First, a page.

Design With Company (Dw/Co) is the Chicago-based architectural collaborative of Stewart Hicks and Allison Newmeyer. Dw/Co seeks to transform the world through textual and visual narratives, speculative urban scenarios, installations, and small-scale interactive constructions. Stewart Hicks received his MArch from Princeton University and is currently assistant professor of architecture at the University of Illinois at Chicago. He is a fellow of the MacDowell Artist Colony and a recipient ofArchitectural Record's Design Vanguard Award and the Young Architect's Forum Prize. Alison Newmeyer is visiting assistant professor at the University of Illinois at Chicago and also teaches at the University of Wisconsin–Milwaukee and the Illinois Institute of Technology. She is a fellow of the MacDowell Artist Colony and is the recipient of architectural awards from the Van Alen Institute and Architizer.
Images (left to right): CAMESgibson, Victory Column of T. E. Cames (detail), 2015. Fabric and foamcore. 204 x 14 x 14 inches. Design with Company, Midwest Culture Sampler (Department of Quantity, Scale, Image), 2015. Three archival inkjet prints. 26 x 11 1/4 inches each.
The Graham Foundation Bookshop is pleased to host the launch of Endless,—the first major publication on the work of pioneer craft artist Karen Reimer. Published by Gallery 400 and WhiteWalls, the catalogue not only surveys this innovative artist’s work, but also rethinks the canonical relationship between architecture and craft.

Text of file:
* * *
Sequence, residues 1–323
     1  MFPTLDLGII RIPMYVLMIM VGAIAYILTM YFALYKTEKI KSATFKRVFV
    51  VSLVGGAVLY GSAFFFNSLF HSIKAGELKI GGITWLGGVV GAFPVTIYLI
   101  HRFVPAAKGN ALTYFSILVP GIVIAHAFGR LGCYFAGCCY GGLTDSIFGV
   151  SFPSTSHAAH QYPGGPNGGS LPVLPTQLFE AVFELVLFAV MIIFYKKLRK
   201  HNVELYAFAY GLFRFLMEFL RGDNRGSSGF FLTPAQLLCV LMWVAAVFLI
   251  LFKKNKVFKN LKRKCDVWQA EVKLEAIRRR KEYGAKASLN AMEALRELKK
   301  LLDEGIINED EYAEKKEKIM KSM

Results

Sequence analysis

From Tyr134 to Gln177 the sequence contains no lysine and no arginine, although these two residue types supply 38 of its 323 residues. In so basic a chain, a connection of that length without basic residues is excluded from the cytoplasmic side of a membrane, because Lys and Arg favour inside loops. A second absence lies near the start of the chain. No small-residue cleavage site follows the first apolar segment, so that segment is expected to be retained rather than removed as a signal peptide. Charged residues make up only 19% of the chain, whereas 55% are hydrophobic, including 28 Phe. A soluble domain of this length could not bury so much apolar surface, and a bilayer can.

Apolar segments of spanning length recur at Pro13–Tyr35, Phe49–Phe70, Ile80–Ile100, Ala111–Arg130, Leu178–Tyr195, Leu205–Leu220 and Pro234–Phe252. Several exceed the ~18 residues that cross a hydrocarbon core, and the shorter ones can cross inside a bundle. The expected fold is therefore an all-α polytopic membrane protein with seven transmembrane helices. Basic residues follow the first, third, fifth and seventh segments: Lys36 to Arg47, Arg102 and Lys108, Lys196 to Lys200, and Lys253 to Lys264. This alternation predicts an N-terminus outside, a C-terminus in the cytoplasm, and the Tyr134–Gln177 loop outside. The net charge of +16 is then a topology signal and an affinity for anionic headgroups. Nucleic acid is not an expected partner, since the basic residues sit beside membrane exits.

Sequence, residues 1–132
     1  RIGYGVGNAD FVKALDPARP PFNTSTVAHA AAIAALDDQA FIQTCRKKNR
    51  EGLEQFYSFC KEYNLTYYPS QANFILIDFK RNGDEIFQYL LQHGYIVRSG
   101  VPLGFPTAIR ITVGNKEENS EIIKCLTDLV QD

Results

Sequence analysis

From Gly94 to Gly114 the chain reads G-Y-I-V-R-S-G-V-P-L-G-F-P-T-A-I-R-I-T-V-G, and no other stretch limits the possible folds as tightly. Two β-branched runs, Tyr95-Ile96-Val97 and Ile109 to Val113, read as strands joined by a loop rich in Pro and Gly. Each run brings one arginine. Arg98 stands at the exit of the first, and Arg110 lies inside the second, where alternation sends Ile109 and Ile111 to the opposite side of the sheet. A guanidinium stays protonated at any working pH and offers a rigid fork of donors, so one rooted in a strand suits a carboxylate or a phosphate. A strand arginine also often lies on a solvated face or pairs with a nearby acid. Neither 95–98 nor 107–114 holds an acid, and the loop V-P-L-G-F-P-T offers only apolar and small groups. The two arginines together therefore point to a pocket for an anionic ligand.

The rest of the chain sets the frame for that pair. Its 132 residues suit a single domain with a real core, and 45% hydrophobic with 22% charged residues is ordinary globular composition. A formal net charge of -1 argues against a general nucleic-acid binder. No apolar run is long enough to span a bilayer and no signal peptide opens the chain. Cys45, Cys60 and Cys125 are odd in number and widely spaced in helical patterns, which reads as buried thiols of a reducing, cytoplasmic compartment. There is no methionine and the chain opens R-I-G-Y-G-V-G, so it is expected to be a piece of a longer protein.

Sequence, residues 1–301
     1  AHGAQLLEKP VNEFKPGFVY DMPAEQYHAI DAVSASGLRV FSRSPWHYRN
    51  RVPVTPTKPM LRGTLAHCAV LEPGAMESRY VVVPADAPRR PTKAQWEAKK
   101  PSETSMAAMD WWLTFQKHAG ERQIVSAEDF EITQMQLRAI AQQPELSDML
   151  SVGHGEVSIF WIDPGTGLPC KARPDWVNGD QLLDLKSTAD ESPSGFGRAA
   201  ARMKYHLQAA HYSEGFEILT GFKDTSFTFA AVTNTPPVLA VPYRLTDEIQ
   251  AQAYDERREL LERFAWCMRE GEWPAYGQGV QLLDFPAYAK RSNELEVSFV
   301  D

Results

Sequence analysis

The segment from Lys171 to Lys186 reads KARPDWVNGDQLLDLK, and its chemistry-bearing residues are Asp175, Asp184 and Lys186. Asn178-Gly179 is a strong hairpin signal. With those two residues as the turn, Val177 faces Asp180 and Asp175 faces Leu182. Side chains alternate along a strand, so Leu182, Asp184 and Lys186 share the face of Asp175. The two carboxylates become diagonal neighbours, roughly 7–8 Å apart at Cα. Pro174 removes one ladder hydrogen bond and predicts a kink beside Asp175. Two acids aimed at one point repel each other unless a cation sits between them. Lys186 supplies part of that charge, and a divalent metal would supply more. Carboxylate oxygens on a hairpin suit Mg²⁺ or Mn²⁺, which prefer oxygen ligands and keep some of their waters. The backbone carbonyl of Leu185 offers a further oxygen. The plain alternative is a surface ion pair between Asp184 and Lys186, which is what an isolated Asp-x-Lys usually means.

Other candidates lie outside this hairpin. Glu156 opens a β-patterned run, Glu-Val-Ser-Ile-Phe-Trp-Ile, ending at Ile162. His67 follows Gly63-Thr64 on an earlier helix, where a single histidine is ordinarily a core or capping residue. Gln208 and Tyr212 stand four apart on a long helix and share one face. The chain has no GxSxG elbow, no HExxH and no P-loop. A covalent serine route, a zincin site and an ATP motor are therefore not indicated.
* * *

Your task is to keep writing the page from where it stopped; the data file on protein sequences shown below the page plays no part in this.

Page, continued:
Endless, includes important essays by leading cultural critic Lauren Berlant, architectural critic Penelope Dean, and art historian Judith Russi Kirshner, as well as an interview with the artist by Gallery 400 director Lorelei Stewart. These essays boldly theorize a new relationship of craft to labor and explore how this groundbreaking artist entwines craft, art, and contemporary issues.
Reimer will be signing copies of her new publication, which will be available for purchase in our bookshop. The event will also feature a Q&A with the artist moderated by Lorelei Stewart. Endless is supported by a Craft Research Fund grant from the Center for Craft, Creativity and Design, Inc. and by the Andy Warhol Foundation for the Visual Arts.
Karen Reimer produces work that expansively addresses the larger relationship of craft to modernist and postmodernist cultural aims. For Reimer, craft is a means to explore architectural concerns, minimalist issues, questions of labor, and connotations within the domestic or vernacular. She has had solo exhibitions at Monique Meloche Gallery, Chicago; the Rochester Art Center, MN; the Riverside Arts Center, IL; Schopf Gallery, Chicago; and the Hyde Park Art Center, Chicago. Her work has been included in group shows at the Museum of Contemporary Art, Chicago; the Contemporary Craft Museum, Portland, Oregon; and Wallspace Gallery, New York, among others. Reimer is the recipient of an Artadia Individual Artist grant and a Richard A. Driehaus Individual Artist award. Her work has been included in the publications By Hand: The Use of Craft in Contemporary Art (Princeton Architectural Press, 2010); The Object of Labor: Art, Cloth, and Cultural Production (MIT Press, 2007); and Contemporary Textiles (Black Dog Press). She is currently an instructor in Fiber and Material Studies at the School of the Art Institute of Chicago. Reimer completed a BA at Bethel College, North Newton, KS, and an MFA at the University of Chicago.